*Peter Rabl, Professor of Applied Quantum Theory at TUM and Scientific Director at WMI, has joined MCQST in 2023. His research includes hybrid quantum systems and quantum communication interfaces, modeling quantum systems for experimental use and developing new applications.*

### The bridge builder

Once you step into the researcher’s office, you can see right away that a theoretical physicist has moved in here. The whiteboard on the wall is already covered with formulas, operators and mathematical curves, and the first few books on quantum mechanics are already on the shelves. Peter Rabl, an Austrian physicist, moved into his office at the Walther-Meissner-Institute on the Garching campus over a year ago, and enjoys a view of a meadow and a stream. But despite all the indications, Peter Rabl is not a pure theoretician who is always sitting at his desk and scribbling equations that are difficult for the layperson to understand on a paper or on the whiteboard. "If you talked to a string theorist about my work, he would say I'm an experimental physicist," Rabl says and laughs.

And that is actually a bit true. Peter Rabl is a theorist, but his work is closely linked to its possible applications. As his title, Professor of Applied Quantum Theory, says, he hopes to use his calculations to help develop future quantum networks and make them more stable. Rabl is working on hybrid quantum systems and quantum communication interfaces. "I model quantum systems that other researchers use in the lab and develop new applications for these systems," explains Rabl.

##### Connecting quantum systems to one another

The researcher has moved to Munich in 2023. Before that, the 45-year-old did research in Innsbruck and most recently at the TU Wien. “During my studies in Innsbruck, a quantum physics lecture by Peter Zoller got me interested in theoretical physics and quantum optics," says Rabl. "That is what got me into quantum technologies." At the same time, he had always been fascinated by mathematical ideas. Rabl remained in Peter Zoller's department after graduating. There, he developed his most important basic idea as part of his doctoral thesis. Together with Zoller he became the first researcher to formulate the term "hybrid quantum processor" in 2006, which is the idea of combining different quantum systems that were being discussed at the time. Rabl was an early advocate of the modular principle, where you break down the operation of a quantum computer into its core tasks: computation, storage, and the distribution of information. He also worked closely with experimental physicists early on, for instance with Rainer Blatt from the University of Innsbruck, who is also on the Advisory Board of the MCQST Cluster of Excellence.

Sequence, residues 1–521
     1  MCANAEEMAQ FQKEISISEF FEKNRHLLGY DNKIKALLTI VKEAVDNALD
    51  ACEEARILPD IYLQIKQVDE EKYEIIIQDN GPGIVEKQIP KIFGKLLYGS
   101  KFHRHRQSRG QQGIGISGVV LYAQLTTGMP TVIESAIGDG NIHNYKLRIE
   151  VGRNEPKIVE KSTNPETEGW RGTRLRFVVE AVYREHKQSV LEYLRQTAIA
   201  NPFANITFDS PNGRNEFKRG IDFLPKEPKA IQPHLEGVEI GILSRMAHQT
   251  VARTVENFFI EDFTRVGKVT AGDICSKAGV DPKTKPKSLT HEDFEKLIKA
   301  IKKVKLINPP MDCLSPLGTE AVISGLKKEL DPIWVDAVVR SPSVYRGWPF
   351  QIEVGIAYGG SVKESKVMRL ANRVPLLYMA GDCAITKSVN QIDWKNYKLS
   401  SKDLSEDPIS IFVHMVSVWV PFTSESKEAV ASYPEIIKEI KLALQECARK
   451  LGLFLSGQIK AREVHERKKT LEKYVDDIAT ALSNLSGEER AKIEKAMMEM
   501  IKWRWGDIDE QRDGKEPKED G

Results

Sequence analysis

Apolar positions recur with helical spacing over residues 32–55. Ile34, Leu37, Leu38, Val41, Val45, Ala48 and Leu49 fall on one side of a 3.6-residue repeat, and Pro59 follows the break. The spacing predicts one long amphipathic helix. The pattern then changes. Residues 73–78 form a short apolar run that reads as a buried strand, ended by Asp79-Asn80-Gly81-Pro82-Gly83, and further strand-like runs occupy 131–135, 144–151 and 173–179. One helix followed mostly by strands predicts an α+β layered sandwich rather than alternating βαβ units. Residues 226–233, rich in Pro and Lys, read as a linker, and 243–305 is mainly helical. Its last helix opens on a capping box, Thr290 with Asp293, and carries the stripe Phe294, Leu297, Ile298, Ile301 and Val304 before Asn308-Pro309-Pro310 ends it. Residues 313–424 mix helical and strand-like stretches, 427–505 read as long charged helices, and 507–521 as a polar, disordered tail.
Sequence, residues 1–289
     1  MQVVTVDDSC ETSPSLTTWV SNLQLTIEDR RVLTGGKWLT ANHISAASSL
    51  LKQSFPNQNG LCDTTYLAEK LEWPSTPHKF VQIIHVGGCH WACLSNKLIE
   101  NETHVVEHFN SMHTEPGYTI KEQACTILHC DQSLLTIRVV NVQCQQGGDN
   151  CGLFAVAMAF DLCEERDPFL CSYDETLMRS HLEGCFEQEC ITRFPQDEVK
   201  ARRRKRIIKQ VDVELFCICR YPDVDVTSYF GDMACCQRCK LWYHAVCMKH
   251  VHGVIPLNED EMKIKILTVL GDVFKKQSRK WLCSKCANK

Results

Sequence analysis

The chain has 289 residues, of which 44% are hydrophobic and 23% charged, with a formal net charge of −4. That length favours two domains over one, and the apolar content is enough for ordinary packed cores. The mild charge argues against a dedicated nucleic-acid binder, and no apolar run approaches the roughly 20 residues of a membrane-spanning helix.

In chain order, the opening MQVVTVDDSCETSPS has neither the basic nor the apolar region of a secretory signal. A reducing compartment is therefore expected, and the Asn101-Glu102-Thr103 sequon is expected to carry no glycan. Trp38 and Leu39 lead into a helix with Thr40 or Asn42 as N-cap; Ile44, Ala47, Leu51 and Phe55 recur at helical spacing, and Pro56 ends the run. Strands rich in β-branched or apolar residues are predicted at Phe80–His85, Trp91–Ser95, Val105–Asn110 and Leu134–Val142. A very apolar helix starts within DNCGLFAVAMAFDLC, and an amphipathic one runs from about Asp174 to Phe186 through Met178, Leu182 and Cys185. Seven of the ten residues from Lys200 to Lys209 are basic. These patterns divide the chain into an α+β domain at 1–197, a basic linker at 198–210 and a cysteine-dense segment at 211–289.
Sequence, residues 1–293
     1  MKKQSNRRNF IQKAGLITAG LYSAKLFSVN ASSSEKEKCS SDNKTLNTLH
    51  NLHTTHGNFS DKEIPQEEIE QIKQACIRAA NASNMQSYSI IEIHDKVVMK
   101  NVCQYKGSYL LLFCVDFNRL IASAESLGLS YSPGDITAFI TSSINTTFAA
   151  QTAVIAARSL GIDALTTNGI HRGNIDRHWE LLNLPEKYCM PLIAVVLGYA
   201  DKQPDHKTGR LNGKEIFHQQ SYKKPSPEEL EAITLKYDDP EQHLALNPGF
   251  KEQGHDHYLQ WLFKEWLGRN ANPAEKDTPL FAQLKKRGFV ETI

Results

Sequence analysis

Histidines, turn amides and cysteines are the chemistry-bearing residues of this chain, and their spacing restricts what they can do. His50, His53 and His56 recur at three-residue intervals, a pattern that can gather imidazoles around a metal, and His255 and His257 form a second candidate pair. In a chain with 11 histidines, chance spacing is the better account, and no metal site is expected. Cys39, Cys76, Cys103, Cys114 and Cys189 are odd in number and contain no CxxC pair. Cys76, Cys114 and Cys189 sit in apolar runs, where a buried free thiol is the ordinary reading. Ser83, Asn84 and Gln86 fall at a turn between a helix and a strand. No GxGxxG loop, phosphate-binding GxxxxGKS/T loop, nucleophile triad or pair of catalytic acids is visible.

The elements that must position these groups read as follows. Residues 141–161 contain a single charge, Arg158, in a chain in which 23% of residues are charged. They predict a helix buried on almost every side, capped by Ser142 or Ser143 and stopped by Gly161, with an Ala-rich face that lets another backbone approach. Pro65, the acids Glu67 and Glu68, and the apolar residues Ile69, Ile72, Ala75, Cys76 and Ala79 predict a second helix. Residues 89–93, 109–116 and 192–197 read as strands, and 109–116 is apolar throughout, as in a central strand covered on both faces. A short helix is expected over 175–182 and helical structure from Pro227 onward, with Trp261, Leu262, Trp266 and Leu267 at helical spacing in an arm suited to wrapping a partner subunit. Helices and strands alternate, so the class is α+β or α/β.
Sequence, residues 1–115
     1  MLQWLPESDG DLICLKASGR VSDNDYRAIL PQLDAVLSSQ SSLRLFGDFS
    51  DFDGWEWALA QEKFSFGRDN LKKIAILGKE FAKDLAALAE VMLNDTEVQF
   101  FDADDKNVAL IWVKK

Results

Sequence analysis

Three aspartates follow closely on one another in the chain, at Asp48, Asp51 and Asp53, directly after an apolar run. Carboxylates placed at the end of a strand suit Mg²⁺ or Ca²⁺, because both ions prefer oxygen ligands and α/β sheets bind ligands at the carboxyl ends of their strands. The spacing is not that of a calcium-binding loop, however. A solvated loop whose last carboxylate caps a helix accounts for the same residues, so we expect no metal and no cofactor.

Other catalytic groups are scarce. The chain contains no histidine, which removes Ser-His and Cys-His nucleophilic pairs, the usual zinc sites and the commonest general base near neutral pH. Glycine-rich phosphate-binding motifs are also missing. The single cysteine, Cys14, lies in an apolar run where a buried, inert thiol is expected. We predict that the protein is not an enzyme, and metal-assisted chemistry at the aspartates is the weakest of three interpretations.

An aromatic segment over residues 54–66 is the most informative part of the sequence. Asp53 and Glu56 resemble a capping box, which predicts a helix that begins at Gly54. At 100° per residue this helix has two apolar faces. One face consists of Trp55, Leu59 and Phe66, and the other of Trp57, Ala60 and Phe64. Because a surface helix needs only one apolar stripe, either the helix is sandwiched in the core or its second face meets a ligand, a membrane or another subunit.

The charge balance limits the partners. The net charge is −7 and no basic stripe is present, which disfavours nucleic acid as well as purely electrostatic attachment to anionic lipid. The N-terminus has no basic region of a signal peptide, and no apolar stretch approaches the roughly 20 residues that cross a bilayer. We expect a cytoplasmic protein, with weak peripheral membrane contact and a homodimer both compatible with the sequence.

*"If you talked to a string theorist about my work, he would say I'm an experimental physicist."*

For a long time, the booming field of quantum technology, as Rabl explains, was starkly divided into different schools of thought. "Some wanted to build quantum computers with ions, others used superconducting circuits or worked with defects in diamonds, while still others experimented with electronic spins or photons." Each system has its advantages and disadvantages. "With superconducting circuits, for example, you can calculate quickly," explains Rabl. "But the quantum states don't survive very long, and the entanglement is quickly lost."

Entanglement is the word for the mysterious connection between distant quantum states. Entanglement is central to quantum computers because it is what enables calculations that are impossible for non-quantum computers. Their natural enemy is interfering fields from the environment, such as thermal radiation, which destroys the fragile quantum states. On the other hand, as Rabl explains in the interview, electron spins are very stable because they are influenced by their environment to a much lesser degree thanks to their weak magnetic interaction.